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Humanist Archives: Nov. 4, 2019, 6:33 a.m. Humanist 33.372 - what is...?

                  Humanist Discussion Group, Vol. 33, No. 372.
            Department of Digital Humanities, King's College London
                   Hosted by King's Digital Lab
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        Date: 2019-11-04 06:22:11+00:00
        From: Willard McCarty 
        Subject: what is...?

Jeffrey Savoye has asked a question that has been around since the
1960s, at least in Anglophone discussions: to use the current term,
"what is Digital Humanities?" One could say, for that matter, what is
English Studies? Would we come up with a coherent answer by listening in
on discussions across the specialisms or by examining curricula? One
would come up with a list of ostensible subjects, but could anyone argue
for their coherence? Having such arguments would provide for a worthy 

One answer for why this is so is that the very attempt at definition is
wrong-headed, that discipline X is what its practitioners do, not what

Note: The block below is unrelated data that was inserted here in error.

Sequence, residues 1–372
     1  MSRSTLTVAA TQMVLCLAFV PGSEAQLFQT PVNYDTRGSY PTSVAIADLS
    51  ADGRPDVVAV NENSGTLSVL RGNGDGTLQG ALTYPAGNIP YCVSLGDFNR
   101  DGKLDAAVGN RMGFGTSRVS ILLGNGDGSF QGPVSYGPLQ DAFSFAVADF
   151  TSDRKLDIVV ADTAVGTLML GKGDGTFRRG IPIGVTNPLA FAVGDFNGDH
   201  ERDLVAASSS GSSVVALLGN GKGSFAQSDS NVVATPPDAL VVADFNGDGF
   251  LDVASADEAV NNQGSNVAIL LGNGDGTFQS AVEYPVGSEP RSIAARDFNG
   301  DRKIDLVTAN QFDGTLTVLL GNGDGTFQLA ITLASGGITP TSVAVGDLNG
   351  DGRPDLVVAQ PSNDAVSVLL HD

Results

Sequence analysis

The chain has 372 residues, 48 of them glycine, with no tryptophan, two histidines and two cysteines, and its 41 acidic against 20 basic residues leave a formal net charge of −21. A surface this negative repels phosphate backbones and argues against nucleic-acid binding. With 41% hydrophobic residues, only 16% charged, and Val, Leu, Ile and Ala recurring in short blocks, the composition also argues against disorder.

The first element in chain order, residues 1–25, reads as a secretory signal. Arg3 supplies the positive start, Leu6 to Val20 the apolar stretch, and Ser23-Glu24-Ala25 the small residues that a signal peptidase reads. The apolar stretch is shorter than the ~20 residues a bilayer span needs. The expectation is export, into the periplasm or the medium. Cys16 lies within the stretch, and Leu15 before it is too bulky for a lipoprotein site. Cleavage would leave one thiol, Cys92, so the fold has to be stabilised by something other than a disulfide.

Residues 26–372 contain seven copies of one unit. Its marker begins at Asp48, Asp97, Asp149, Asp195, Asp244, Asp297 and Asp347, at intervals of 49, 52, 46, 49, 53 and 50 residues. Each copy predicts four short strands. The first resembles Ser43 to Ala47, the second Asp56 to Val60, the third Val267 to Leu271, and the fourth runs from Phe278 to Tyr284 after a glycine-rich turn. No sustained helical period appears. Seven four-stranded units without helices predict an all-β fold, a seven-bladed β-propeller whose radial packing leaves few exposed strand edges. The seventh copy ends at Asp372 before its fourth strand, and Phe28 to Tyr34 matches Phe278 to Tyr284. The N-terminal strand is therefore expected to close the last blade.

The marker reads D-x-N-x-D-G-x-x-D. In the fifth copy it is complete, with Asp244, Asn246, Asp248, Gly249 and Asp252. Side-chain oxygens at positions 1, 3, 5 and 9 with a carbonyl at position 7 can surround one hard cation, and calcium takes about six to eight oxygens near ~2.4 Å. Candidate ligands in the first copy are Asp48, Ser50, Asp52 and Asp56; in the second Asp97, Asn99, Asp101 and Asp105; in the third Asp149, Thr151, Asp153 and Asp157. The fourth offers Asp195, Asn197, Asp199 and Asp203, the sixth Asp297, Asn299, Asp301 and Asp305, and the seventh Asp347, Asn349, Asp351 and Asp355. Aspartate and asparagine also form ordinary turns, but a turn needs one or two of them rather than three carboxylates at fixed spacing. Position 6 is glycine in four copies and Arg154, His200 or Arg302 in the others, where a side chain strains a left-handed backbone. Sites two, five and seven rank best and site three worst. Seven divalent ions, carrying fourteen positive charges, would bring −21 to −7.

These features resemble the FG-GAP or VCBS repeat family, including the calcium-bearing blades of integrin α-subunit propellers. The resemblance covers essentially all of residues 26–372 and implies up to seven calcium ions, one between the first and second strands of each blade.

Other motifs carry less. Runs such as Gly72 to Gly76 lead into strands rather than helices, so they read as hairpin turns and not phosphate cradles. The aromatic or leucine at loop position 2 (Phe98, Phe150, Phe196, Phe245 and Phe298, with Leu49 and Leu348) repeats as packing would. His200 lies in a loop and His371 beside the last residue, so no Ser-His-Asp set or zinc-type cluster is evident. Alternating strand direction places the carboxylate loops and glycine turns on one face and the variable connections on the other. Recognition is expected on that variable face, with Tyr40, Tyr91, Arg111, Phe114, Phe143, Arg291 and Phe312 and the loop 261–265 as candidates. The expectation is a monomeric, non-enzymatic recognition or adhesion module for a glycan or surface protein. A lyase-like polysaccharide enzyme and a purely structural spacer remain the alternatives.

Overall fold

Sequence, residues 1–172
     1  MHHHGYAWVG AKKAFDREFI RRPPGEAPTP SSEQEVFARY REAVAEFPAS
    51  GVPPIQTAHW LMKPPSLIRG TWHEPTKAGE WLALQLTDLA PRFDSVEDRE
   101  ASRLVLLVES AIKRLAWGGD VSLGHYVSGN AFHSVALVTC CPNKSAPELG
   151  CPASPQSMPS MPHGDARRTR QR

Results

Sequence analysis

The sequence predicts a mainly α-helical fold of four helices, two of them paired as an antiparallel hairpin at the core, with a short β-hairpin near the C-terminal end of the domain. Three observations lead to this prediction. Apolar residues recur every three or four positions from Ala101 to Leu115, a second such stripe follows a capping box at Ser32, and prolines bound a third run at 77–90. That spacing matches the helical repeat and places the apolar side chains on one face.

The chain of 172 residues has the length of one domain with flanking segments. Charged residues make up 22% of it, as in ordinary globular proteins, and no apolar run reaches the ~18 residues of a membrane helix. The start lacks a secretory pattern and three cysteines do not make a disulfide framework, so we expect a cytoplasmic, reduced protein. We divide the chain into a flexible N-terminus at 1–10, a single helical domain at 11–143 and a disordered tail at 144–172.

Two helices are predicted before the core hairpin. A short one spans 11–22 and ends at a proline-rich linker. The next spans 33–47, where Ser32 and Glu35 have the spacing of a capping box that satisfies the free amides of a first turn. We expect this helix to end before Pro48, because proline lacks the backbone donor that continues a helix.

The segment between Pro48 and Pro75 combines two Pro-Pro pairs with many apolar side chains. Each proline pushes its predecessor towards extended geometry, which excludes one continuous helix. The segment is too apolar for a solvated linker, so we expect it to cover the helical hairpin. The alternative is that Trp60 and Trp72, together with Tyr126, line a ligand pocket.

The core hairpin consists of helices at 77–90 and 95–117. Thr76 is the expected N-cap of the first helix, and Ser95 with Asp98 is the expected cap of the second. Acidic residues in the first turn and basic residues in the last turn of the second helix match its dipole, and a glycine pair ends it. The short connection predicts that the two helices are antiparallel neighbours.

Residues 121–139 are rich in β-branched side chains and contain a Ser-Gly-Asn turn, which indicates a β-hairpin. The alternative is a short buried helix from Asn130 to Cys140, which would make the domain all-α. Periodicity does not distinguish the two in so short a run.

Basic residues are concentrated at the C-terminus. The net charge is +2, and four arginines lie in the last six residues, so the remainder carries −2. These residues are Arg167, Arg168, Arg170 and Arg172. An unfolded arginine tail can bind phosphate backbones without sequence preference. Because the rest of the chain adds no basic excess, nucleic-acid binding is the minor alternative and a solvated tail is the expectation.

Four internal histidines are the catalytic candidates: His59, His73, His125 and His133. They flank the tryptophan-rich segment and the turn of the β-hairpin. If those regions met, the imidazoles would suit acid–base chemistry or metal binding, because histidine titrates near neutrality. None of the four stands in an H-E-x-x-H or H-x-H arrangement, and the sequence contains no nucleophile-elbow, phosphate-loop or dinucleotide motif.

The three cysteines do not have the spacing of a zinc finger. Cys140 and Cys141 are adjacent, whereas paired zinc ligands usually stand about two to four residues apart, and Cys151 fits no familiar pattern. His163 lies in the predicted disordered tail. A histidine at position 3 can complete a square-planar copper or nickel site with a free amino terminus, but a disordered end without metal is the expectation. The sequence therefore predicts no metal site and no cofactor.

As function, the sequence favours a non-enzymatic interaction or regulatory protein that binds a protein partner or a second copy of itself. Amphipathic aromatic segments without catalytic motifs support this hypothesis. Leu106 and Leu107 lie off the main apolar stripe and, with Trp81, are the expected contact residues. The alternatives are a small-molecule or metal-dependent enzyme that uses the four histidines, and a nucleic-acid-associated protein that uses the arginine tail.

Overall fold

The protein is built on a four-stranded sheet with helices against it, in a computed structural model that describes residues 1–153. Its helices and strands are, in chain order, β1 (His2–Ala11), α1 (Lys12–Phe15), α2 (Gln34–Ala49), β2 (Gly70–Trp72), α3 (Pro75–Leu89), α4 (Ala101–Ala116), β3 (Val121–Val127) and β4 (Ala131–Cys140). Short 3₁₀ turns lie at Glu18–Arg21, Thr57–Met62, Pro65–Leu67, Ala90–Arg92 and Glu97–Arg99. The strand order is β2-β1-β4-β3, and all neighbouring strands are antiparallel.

anyone says X is. Another answer, specific to the humanities, is that
the disciplines thus named can only be defined by what they are not:
formerly, not the study of the affairs proper to God (that's theology);
now, not the study of the physical world, nor the study of society. Is
it a problem that the humanities elude definition?

The best I've ever been able to do with "digital humanities" is to say
what I am interested in and what I make of it, e.g. in answer to a
neighbour or taxi-driver. Occasionally that actually works.

I've spent some time reading formal grant applications that these days
often refer to digital humanities as part of what is proposed. Often all
that is meant is use of a computer to do things that once done become
results that presumably have some value, whereas the instrumental means
of getting them remain unexamined and are very likely forgotten. I think
we can safely say that in those cases "digital humanities" is an empty
term. If, for whatever subject, these means are critically examined,
then the term has substance. As long as what was done with the machine
is preserved and examined, we have something to work with.


Willard McCarty (www.mccarty.org.uk/),
Professor emeritus, Department of Digital Humanities, King's College
London; Editor, Interdisciplinary Science Reviews
(www.tandfonline.com/loi/yisr20) and Humanist (www.dhhumanist.org)

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